One drawback is that they are quite absorbent which is why many times they are blended with another binder such as an egg in baking. Experiment with the oats in your recipes and see what works well for you and your pup.

4. Gelatin 

Didn’t think that gelatin would make the list? Well, dogs can eat and benefit from gelatin.

It is actually a natural part of their diet as it’s an edible substance made from animal by-products like tendons, skin, bones, and cartilage. Your dog is probably already eating gelatin if they eat dry kibble or canned wet foods.

It has tremendous health benefits beyond giving your dog healthy skin and fur, it has even been touted as being able to prevent arthritis.

When adding gelatin to your treats you want to always use plain, unflavored, unsweetened (natural or artificial) gelatin as some foods that contain it can be extremely dangerous for your dogs.

Many of them have artificial sweeteners like xylitol that can cause serious complications and in some cases death in dogs.

The trick is not to use too much since dogs don’t seem to be fond of the texture.

5. Psyllium 

Psyllium is a seed that is produced commercially mostly for use as a dietary fiber and is also known as Metamucil to many. When combined with water, psyllium husk becomes mucilaginous and can expand up to 10 times its original size.

The chemical makeup is similar to that of xanthan gum but it is safe for dogs to eat (in moderation).

To use psyllium in your dog treats you can make a psyllium ‘egg’ similar to the flax and chia eggs using a 1:3 ratio or you can add it directly to your dry ingredients. If adding it to dry ingredients make sure to let the mixture sit for 15-20 minutes to allow the psyllium to soak up moisture.

Purchase certified organic psyllium and remember that a little goes a long way.

6. Arrowroot Powder

Arrowroot is a powdery, starchy substance extracted from the root of a tropical plant known as Maranta arundinacea. It is vegan and naturally grain-free, gluten-free, fat-free, and low in calories.

It is pretty high in vitamin B6 and potassium. It has been said to be able to alleviate diarrhea, constipation, and even an upset stomach.

Moderate amounts can be safely given to your dog, everything in moderation.

7. Bananas

Dogs love bananas and if you’re making them homemade dog treats try using them as a binder. Use them sparingly because bananas, especially when ripe, have a tremendous amount of sugar.

Dog diarrhea colitis

3 Average binders to use in your dog’s homemade treats

These are great binders in pet food and while they are generally safe for most dogs. If you have a dog with chronic disease or allergy you may want to think twice about using them as they can cause further issues in some pets.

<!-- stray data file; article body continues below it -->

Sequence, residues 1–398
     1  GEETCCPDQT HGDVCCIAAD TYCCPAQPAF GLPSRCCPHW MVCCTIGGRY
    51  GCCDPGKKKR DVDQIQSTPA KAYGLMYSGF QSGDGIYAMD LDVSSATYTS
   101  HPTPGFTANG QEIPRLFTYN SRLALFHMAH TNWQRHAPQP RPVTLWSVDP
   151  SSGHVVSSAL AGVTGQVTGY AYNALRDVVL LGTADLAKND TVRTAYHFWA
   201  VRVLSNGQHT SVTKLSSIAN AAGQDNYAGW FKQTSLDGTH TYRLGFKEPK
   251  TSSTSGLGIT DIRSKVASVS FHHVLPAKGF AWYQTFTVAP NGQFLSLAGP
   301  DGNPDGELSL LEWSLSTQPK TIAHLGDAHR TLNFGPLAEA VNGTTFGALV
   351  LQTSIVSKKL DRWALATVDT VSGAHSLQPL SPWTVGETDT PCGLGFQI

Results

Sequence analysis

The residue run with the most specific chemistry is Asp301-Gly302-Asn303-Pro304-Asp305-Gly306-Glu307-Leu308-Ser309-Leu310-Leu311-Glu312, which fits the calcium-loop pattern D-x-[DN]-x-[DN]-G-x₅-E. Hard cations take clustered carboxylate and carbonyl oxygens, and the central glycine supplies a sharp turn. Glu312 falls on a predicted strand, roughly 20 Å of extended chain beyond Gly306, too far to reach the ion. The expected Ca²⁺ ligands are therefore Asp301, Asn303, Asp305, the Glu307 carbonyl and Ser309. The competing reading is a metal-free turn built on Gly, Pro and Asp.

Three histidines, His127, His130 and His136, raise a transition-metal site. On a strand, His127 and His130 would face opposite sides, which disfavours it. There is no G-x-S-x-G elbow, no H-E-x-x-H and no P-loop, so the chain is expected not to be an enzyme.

1. Potato Starch

Potato starch is a great grain-free, binder and is already used in many dog foods on the shelves. But some recent concerns have led many pet owners to search for different options.

This is mainly due to the high glycemic index rating, so it is not the best binder for dogs with diabetes or those pet owners trying to control their pet’s intake of sugars.

Another reason this binder made it to the bad list is that although potatoes are packed with nutrients the potato starch lives up to its name as it is just that, starch.

2. Almond Flour

Almond flour is derived from almonds which are high in fat. Although a couple of almonds probably won’t do any harm to your dog, you may want to steer clear of using almond flour in their treats regularly.

If you have a pup with pancreatitis steer clear of using almond flour in their treats as the high-fat content can cause a pancreatitis relapse or gastrointestinal upset.

3. Wheat Gluten Flour

Wheat flour is one of the most commonly used flours in both human and animal treats. It contains gluten, which makes it an awesome binder and gives it that sticky, tacky feel. Not only is it great for joining and holding ingredients together, but it also has great moisture retention for moist treats.

Unfortunately, it can cause allergic reactions in some pets if they have wheat or gluten sensitivity. Each dog is different and what might cause one to have an upset stomach may not do the same for another. If you have been using wheat to bake your dog treats with no adverse reactions, by all means, carry on, but if not you may want to try some of the options mentioned earlier in the article.

2 Binders to never use in your homemade dog treats

1. Guar gum

Have you ever opened a can of dog food and noticed that it glistens and shines? That’s due to agents like guar gum and xanthan gum.

Although they have been shown to have some health benefits they can cause soft stools, gi upset, and bloating in your dog.

2. Bleached White flour

White flour is a pretty good binder but is usually treated by bleaching, either with chlorine or benzoyl peroxide (which is the same stuff used in facial acne creams). Needless to say, you should probably keep it out of your dog’s treats if not for that reason alone.

White flour has been linked with digestive issues in dogs. Some experts have stated that eating white flour can lead to inflammatory bowel syndrome or colitis in dogs.

As always speak with your veterinarian prior to making treats for your pet. They will be able to give you focused advice based on your pet’s specific needs.

What do you think of this list? Would you add anything to it? What is your favorite binder to use in your dog’s treats, let us know in the comments!

healthy dog treats



Family making dog treats for dog

Leave a Reply

Your email address will not be published. Required fields are marked *